She’d accomplished her success on her own.
That was important.
“Then I’d better make sure I bring my A game as well,” Ellie said.
“Your game is A-plus, baby.”
Ellie chuckled. “You’re very colorful this morning,” she told her secretary. “Did you spend the weekend binge watching The Sopranos again?”
“Nope. It was Dragnet this time.”
“Ah.” Ellie’s smile widened. She’d watched reruns of the show when she was just a child. “Just the facts, ma’am.”
She wrinkled her nose. She hated having her tightly controlled schedule disrupted. Still, she understood the game. Greg Stone had a legal obligation to hand over the files he had on her client, but if she became a pain, then he’d drag his feet as long as possible.
It was better just to allow him to enjoy his power play. It was one skirmish in a war she was fully confident she would win.
“I’ll head straight to the office.”
“No hurry,” Doris told her. “It’s pretty quiet here this morning.”
“Then I’ll catch up on my paperwork.”
Doris heaved a deep sigh. “It’s supposed to be a beautiful spring morning. Don’t you have something better to do than sit in your office?”
Ellie glanced around her kitchen and grimaced. She had lots and lots of better things to do.
Thousands of things.
Since buying the old ranch house five miles south of Curry, she’d done nothing more than unpack the necessities. At the beginning, she’d had grand plans of remodeling. She intended to gut the place and create an open floor plan as well as enclosing the wraparound porch for a place to sit and enjoy the peace on warm nights.
Instead, she’d piled her boxes in a spare bedroom and concentrated on the office she’d purchased in downtown Curry. It was far more important that she make the perfect first impression to her potential clientele. The only real updating she’d done at her house was buying a state-of-the-art coffee machine that looked like some sort of alien technology on the chipped countertop.
With a shrug, she shoved aside thoughts of the enormous number of repairs that were waiting for her. She’d muddled along for the past year. She could muddle along a couple more months. Once summer arrived she might have more enthusiasm to tackle at least a few projects.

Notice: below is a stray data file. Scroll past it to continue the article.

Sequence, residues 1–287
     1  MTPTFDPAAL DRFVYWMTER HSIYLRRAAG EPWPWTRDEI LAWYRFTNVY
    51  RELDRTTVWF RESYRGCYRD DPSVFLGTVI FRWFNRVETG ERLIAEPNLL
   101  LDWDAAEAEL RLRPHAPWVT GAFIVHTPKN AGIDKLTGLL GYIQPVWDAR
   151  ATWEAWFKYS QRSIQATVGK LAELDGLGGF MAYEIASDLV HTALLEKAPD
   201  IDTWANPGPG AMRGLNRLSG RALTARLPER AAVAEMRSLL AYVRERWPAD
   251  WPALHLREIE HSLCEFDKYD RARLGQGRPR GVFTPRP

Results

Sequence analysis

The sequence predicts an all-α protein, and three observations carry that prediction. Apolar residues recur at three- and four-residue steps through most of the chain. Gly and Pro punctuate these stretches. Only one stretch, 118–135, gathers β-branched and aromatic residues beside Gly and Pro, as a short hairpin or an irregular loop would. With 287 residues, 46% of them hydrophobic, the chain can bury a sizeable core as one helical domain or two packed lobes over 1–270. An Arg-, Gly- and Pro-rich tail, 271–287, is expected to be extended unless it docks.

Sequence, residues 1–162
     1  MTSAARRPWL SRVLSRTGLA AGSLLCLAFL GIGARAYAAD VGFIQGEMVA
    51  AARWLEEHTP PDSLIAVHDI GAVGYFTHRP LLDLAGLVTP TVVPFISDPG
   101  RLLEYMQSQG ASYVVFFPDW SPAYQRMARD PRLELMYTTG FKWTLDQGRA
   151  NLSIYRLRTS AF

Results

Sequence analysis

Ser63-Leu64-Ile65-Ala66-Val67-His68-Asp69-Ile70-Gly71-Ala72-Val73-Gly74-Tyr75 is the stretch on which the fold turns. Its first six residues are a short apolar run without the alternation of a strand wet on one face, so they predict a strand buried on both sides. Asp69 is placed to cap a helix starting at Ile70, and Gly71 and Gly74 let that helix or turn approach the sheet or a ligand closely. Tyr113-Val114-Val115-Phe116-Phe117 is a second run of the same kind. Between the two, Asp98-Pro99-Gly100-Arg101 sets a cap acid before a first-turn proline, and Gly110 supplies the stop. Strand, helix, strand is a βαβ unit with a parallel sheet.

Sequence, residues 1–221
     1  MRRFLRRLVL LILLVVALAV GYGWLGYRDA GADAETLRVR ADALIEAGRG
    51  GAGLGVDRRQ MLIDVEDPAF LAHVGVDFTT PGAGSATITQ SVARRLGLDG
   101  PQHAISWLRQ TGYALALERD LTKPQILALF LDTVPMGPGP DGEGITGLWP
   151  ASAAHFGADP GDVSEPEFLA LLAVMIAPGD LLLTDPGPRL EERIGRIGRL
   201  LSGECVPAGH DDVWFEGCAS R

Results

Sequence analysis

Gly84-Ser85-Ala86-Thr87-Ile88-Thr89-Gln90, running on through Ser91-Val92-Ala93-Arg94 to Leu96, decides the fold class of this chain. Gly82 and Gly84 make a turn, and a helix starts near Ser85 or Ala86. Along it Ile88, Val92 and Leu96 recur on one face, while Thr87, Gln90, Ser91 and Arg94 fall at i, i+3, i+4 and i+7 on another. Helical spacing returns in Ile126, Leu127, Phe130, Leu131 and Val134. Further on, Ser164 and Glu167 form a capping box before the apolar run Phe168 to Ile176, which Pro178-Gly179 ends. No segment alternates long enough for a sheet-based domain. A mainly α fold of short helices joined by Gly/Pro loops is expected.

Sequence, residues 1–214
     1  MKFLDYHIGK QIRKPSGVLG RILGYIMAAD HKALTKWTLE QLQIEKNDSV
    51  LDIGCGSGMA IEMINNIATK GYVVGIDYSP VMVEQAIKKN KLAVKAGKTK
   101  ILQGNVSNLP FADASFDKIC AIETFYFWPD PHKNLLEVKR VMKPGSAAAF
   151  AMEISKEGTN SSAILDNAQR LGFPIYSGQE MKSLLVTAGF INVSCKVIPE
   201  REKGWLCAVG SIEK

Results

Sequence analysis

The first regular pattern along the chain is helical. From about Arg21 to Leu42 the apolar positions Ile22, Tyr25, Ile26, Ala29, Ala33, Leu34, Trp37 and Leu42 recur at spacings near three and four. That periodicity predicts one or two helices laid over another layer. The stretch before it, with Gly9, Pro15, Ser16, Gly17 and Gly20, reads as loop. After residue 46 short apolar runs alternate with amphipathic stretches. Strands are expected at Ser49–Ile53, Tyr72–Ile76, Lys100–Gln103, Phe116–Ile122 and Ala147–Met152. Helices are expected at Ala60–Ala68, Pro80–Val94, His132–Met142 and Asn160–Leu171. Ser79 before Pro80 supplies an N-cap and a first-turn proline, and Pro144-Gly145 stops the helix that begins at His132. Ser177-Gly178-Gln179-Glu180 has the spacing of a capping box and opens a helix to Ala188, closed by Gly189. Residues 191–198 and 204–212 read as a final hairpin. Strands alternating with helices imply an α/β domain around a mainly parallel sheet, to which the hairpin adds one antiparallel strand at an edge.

“I have work to do,” she told her secretary.
“You always have work to do,” the older woman chastised. “And don’t try to pretend you didn’t spend last night at the office.”
Ellie was caught off guard by the accusation. “How do you know?”
“It was bingo night at my church. Whose car do you suppose I spotted in front of the office when I drove home at ten o’clock?”
Ellie rolled her eyes. “I sometimes forget I live in a fishbowl now.”
“It’s not a fishbowl. Our interest in each other’s lives comes from a place of love, Ellie.”
“Hmm.” Ellie had spent the majority of her life in Oklahoma City. She hadn’t realized the cultural shock of moving to a small town. Some days she loved feeling a part of a community. Other days she hated the sensation she was constantly being watched and judged by her neighbors. “I’m going to change into something more comfortable and I’ll be in.”
“Suit yourself,” Doris said.
“I always do.”
Ellie ended the conversation and headed toward her bedroom. She quickly stripped off the black skirt and crisp white shirt that matched the other black skirts and white shirts hanging in her closet. She reserved them for her appearances in court or meeting with the DA, preferring slacks and soft sweaters for her day-to-day office uniform.